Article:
All three of the Atlantic 10’s NCAA tournament wins have come from teams no longer in the conference: Georgia St in 2001; Charleston in 1994, and Arkansas-Little Rock in 1986. Except for the now departed Charleston, the conference has never received an at-large bid. Belmont is representing the league for the second consecutive season. Last year, also as a #15 seed, they lost to UCLA by 34 in the first round.

Big Sky:
Record: ’97 – ’06 – 2-10
Record: ’85 – ’06 – 3-22
Last Win: Montana 2006, over Nevada
Last At-Large Bid: Never
2007 Entry: Weber State (15th seed)
The Big Sky has been around since the NCAA first began awarding at-large bids to conference teams in the early 1970s, but has never received an at-large bid. The Big Sky has some nice old history in coaches such as Dick Motta and Jud Heathcoat, and Montana did get a win last year, but the truth is, this league just in’t cutting it anymore.

Big South:
Record: ’97 – ’06 – 0-10
Record: ’85 – ’06 – 0-15
Last Win: Never
Last At-Large Bid: Never
2007 Entry: Winthrop (11th seed)
This year’s Winthrop team may have the best chance this league has had yet to win a tournament game. Winthrop is the first Big South team to be seeded above 14th, and 8 of the 15 Big South entries have been seeded 16th. If they can’t do it, you have to ask if they ever can. The all-time average margin of defeat for a Big South team in Tournament play is 20 points, and 5 of the league’s entries have lost by 30 or more points.

Record: ’97 – ’06 – 1-10
Record: ’85 – ’06 – 3-23
Last Win: Princeton, 1998 over UNLV.
Last At-Large Bid: Columbia, 1968
2007 Entry: Penn (14th seed)
People love to talk about how tough the Ivies are to play, but the fact is, they almost always lose. No Ivy has reached the Sweet 16 since Penn crashed the Final Four in 1979. They’ve lost 8 straight tournament games since Princeton managed a #5 seed and a first round win over UNLV in 1998. And at that the league is not as good as its tournament representatives – Penn or Princeton has represented the league every year since 1988, and every year but three since 1962. One hates to stomp on Bill Bradley and all that history, but let’s face it – this is a I-AA conference.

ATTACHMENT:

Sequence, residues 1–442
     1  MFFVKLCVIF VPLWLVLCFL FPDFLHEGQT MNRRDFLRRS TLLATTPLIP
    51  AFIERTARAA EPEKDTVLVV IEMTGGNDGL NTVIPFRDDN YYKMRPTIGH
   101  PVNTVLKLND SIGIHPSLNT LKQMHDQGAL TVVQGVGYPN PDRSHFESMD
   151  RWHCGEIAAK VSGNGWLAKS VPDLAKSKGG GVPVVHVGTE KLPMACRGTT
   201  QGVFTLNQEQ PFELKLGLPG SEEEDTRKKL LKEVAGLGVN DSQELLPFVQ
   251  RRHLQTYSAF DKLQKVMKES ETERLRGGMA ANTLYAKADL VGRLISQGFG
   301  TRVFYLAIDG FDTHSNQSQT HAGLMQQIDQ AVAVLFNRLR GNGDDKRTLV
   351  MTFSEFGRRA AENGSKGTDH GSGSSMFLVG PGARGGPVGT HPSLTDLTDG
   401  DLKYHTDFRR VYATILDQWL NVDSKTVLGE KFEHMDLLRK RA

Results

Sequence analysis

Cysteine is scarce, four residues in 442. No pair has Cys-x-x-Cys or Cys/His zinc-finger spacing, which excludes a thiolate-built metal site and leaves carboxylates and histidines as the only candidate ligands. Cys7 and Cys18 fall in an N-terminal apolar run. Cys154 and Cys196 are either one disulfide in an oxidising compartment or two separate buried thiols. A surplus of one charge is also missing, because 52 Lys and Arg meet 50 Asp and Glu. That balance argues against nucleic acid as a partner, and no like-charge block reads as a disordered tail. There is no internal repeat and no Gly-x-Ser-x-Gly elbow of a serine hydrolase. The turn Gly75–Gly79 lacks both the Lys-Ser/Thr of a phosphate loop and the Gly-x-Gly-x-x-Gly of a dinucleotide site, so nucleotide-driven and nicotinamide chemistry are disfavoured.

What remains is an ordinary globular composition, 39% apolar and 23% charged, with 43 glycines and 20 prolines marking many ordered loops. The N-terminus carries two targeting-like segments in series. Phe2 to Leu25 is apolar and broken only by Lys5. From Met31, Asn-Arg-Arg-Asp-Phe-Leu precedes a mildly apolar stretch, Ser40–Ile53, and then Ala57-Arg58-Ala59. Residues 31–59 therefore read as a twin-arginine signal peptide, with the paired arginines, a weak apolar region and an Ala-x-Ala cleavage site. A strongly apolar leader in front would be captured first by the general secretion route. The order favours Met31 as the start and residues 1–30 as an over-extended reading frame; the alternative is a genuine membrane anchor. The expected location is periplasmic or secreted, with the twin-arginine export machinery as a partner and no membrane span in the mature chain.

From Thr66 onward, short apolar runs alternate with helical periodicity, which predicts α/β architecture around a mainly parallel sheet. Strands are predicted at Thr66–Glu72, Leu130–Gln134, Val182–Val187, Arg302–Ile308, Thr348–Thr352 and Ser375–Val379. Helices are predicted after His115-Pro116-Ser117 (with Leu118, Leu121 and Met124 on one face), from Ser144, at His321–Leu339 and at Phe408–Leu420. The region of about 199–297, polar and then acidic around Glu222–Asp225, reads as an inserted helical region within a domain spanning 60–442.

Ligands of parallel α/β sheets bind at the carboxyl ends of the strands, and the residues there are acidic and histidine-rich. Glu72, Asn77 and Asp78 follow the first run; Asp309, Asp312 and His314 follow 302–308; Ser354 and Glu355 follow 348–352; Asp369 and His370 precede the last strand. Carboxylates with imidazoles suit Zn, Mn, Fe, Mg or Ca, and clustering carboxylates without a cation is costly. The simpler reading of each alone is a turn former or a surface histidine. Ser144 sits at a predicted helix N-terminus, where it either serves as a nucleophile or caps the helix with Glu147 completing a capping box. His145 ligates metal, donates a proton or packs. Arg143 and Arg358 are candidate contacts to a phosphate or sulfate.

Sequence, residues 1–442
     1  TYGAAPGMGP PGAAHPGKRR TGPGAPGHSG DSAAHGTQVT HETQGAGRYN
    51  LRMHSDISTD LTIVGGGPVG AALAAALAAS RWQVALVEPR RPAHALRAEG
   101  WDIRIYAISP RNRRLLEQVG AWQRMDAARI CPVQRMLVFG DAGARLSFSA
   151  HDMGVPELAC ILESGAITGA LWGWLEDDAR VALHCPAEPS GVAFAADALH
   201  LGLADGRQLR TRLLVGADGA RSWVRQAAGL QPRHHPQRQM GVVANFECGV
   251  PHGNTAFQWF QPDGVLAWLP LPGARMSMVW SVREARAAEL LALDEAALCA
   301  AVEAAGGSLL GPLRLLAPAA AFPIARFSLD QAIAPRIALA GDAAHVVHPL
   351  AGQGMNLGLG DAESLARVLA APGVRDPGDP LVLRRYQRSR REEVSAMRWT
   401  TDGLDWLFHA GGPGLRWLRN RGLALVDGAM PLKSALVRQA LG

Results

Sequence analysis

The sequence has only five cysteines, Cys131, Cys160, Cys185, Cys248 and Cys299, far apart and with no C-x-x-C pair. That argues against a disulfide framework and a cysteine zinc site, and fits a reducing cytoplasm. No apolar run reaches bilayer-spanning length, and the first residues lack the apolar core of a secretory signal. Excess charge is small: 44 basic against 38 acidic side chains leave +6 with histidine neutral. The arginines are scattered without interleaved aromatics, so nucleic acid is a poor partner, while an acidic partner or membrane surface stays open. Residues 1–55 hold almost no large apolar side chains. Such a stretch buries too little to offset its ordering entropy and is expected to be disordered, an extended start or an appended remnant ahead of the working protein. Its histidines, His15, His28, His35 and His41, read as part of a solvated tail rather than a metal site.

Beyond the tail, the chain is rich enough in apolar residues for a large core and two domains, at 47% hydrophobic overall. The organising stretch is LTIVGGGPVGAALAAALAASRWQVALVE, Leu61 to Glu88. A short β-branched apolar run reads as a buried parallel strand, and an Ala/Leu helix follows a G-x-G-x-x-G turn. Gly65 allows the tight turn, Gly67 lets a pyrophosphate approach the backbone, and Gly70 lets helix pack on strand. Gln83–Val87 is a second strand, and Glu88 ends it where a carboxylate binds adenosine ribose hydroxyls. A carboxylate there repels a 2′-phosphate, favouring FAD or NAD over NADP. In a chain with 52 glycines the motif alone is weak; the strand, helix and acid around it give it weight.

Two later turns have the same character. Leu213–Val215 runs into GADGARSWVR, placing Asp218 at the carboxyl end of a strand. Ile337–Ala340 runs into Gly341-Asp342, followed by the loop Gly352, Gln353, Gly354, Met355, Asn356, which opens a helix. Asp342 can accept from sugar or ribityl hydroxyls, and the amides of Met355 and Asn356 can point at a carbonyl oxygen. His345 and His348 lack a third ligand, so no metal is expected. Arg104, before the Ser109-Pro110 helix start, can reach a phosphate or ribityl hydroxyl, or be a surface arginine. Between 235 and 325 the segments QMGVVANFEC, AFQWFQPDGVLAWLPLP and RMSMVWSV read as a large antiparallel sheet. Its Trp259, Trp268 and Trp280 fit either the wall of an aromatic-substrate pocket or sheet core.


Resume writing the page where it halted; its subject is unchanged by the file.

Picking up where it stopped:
Metro-Atlantic Athletic Conference:
Record: ’97 – ’06 – 1-10
Record: ’85 – ’06 – 3-23
Last Win: Manhattan, 2004 over Florida
Last At-Large Bid: Manhattan, 1995
2007 Entry: Niagara (16th seed/play in game)
Other than Manhattan’s first round wins in 1995 and 2004, the only team from this league to win a Tourney game was in 1990, when LaSalle, long since departed for the Atlantic 10, won a first rounder behind Lionel Simmons. I was a bit surprised, actually, by how poorly this league has done.

Mid Continent Conference:
Record: ’97 – ’06 – 2-10
Record: ’85 – ’06 – 7-22
Last Win: Valparaiso, 1998, made Sweet 16.
Last At-Large Bid: Northern Illinois (1991)
2007 Entry: Oral Roberts (14th Seed)
The MCC’s all-time record looks much better than it is. The only team still in the conference to ever win a game is Valparaiso, which reached the Sweet 16 in 1998. Wisconsin-Green Bay and Cleveland State, both in the Horizon Conference for over a decade, won in 1994 and 1986, respectively (with Cleveland State reaching the Sweet 16), and Northern Iowa, and Missouri State, long departed for the Missouri Valley, won games in ’87 and ’90, respectively. The conference’s last five entries have lost by an average of 23.4 points.

Record: ’97 – ’06 – 2-10
Record: ’85 – ’06 – 2-22
Last Win: Hampton, 2001 over Iowa St.
Last At-Large Bid: Never
2007 Entry: Florida A&M (16th seed/play in)
Since Hampton’s 2001 first round win, all five MEAC entries have lost by double digits. The league’s 2-22 record since 1985 is pretty bad, but then, before 1985 the league had never won a game.

Northeast Conference
Record: ’97 – ’06 – 0-10
Record: ’85 – ’06 – 0-22
Last Win: Never
Last At-Large Bid: Never